KANSAS CITY, Kan. — Attorneys working in Kansas will possibly need to dust off the old fax machine as state courts go paper-only in the wake of a security breach.
The Kansas Supreme Court continued a “hard copy” order Monday with a spokesperson telling FOX4 that they estimate electronic filing won’t be allowed for about two weeks.
The change will affect Kansas courthouses, including those in Wyandotte, Leavenworth and Douglas counties — and all the way up to the Kansas Supreme Court.
Attorneys and their staff will be required to file motions by hand, mail or fax, according to a news release.
It’s happening after what’s only been described as a security incident with staff “working with experts from several sources to find out what happened in the security incident, how it happened, and how far it reached,” according to the release.
“Until those questions are answered, the Office of Judicial Administration can’t predict when the systems will be brought back online,” the release says.
“It is a smart decision to go back to a paper system because it allows you to analyze and find out where the security holes are,” local tech expert Burton Kelso said.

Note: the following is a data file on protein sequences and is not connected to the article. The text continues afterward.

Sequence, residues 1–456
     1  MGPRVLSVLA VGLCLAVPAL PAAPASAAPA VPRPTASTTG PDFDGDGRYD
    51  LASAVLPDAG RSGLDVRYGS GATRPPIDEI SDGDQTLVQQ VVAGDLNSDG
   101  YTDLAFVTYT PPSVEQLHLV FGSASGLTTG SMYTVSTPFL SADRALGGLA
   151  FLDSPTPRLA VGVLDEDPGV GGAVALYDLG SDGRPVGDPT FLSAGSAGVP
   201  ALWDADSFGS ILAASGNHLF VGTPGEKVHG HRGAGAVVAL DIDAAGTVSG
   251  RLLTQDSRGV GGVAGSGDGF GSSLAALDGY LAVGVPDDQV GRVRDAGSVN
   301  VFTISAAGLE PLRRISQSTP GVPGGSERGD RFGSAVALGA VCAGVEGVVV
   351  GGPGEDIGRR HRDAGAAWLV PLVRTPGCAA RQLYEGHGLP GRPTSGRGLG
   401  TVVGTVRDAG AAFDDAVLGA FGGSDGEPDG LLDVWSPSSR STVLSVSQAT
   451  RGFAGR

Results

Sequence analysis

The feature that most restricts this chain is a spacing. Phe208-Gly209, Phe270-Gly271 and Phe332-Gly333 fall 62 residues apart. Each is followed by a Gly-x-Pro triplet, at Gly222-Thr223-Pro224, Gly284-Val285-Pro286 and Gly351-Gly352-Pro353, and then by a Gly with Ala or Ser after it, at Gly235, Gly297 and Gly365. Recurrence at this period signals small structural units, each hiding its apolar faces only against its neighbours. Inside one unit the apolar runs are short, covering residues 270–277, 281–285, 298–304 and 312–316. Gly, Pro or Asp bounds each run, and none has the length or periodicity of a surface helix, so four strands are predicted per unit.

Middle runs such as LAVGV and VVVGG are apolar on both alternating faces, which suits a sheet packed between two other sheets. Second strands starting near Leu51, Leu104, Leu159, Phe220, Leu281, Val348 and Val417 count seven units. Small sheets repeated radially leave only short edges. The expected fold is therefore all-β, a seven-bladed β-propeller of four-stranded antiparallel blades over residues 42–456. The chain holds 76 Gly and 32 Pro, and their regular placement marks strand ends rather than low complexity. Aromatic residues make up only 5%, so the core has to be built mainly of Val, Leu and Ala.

“But you still have to conduct business as usual,” Kelso said.
And that’s part of the concern, including from some attorneys not wanting to pessimistically speak on the high court’s decision right away.
But the move could mean more labor and time commitments, including travel. At this point, it doesn’t appear the change will delay cases. However, some paperwork may have to be refiled on hard copy (and potentially refiled again when the eFile system reopens).
Johnson County, Kansas courts are not included in this decision. They are on a separate online filing system.
Details are still slim on the state issue, but there’s some speculation based on common hacking strategies, which are typically reliant on human error.
“We think that there is this large criminal organization that is just constantly getting into devices when in reality it’s just a series of phishing emails that go out,” Kelso said.
Read more here from the Kansas Judicial Branch about the ongoing issue.